Oh yeah and that’s part of why I’m trying to write all this out. Because the gag order’s finally been lifted enough for me to put it down in words without it sounding like meaningless word salad, and because there’s no longer the threat of reprisal if I talk about it. There were specific threats given if I revealed things. I’d get visions of horrible things that were definitely gonna happen, and I’d understandably get broken up and cry in horror because it was shit like “oh hey that webcomic your teenage sister loves has embedded a suicide trigger in her mind and when she gets to the last frame, she’ll kill herself.” And but if I said something to this sister, like begging her through my tears, please do not read that webcomic anymore, it’s infected, it’s bad, bad things will happen, the vision would change — “DO NOT SPEAK OF THIS. Keep talking and she’ll kill someone else you love before she kills herself.” So I’d cut myself off and just curl up into a ball crying, and teenage sister would be like, no wait, you can talk to me, I’m listening, don’t cry, just tell me what’s wrong. Just talk to me. Just tell me what’s bothering you.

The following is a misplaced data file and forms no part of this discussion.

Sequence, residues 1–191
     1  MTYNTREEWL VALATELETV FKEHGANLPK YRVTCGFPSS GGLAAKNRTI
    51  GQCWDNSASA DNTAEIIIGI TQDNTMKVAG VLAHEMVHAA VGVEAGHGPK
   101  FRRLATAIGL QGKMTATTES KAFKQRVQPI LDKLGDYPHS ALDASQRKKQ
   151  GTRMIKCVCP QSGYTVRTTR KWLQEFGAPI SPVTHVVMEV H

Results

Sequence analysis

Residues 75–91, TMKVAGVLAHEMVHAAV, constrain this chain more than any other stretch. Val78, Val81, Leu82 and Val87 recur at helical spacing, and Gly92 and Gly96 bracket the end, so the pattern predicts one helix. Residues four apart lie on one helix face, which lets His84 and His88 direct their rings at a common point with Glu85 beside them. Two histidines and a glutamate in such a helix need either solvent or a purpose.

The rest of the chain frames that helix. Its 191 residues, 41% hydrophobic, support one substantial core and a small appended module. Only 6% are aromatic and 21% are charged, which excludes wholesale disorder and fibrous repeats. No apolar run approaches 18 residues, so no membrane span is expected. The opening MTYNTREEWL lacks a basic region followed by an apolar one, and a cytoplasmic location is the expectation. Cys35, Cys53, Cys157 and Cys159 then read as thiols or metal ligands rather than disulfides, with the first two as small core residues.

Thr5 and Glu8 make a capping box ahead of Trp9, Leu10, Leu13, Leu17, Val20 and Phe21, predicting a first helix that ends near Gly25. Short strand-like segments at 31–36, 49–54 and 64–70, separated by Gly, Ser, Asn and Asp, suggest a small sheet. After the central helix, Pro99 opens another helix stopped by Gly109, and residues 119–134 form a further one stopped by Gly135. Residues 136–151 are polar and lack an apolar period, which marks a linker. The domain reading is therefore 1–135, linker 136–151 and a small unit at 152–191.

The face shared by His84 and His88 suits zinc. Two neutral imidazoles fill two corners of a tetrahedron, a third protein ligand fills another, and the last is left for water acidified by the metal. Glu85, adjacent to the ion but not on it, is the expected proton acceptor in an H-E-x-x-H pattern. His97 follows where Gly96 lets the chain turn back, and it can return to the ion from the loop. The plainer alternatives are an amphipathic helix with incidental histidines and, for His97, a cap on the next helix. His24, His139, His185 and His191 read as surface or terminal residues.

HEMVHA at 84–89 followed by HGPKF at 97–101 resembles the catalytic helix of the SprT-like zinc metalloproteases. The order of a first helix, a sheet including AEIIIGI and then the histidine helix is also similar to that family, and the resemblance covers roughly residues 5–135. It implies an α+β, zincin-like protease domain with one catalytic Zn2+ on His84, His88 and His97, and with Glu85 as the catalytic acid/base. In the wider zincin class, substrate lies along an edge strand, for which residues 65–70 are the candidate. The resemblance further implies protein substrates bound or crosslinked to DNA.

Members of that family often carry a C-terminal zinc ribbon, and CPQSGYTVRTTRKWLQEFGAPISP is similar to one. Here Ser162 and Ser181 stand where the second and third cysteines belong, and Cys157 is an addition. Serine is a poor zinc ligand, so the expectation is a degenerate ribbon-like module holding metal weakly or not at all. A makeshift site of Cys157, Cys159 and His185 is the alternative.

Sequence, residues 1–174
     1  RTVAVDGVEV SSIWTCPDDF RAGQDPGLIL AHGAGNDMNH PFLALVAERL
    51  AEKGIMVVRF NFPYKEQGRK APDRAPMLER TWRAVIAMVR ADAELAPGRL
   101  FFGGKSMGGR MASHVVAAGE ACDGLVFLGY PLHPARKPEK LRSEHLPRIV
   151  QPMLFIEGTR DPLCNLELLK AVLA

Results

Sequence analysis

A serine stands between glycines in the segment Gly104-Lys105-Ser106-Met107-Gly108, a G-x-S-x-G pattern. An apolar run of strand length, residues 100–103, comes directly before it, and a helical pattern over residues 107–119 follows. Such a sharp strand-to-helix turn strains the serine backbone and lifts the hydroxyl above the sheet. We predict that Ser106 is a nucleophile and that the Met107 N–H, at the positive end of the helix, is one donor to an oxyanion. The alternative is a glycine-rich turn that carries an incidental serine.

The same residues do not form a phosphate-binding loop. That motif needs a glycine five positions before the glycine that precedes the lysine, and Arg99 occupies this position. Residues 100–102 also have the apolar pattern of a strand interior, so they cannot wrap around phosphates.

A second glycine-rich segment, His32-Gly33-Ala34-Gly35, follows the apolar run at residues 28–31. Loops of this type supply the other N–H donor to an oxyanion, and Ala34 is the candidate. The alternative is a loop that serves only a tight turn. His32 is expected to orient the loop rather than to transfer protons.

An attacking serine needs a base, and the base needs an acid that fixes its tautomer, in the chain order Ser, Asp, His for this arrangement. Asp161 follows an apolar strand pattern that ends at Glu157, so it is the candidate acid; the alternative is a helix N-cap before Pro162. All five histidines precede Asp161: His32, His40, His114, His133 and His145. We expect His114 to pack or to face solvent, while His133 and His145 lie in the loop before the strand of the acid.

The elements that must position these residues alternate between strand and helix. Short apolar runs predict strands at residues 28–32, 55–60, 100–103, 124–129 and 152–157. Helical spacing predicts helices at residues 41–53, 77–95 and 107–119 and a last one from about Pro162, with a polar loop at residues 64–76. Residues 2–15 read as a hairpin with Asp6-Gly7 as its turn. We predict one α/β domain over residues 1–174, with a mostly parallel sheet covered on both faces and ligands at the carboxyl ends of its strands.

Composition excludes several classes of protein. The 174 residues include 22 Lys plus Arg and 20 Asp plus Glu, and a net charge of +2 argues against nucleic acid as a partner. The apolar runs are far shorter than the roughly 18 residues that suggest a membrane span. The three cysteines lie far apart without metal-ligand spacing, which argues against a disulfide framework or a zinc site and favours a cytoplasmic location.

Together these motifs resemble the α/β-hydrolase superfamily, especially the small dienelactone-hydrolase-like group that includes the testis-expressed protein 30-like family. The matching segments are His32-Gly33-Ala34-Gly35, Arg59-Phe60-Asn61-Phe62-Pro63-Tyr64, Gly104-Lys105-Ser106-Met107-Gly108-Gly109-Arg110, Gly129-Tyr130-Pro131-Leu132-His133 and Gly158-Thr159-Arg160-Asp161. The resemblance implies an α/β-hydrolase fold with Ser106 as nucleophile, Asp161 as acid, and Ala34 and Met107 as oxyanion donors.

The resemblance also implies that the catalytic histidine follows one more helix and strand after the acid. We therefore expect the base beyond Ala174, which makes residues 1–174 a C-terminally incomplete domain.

And of course the answer was just, I can’t. This happened over and over and over. DO NOT SPEAK OF THIS. At first it was incredibly difficult. I was so afraid of this impending doom that I seemed to be making worse with my clumsy attempts to SPEAK OF IT, and even when I did break down and try to talk about what was happening in my mind, it was like the words went through some kind of filter and came out mangled and didn’t express what I was trying to say. Eventually I got used to the gag order. Life got easier when I followed it — if I stayed quiet about my mind’s state, people didn’t stare at me or get condescending. In a way, DO NOT SPEAK OF THIS was the first real Rule. What I learned: following the Rules means that life gets easier, you aren’t seen as a crazy person, you can function and stay alive.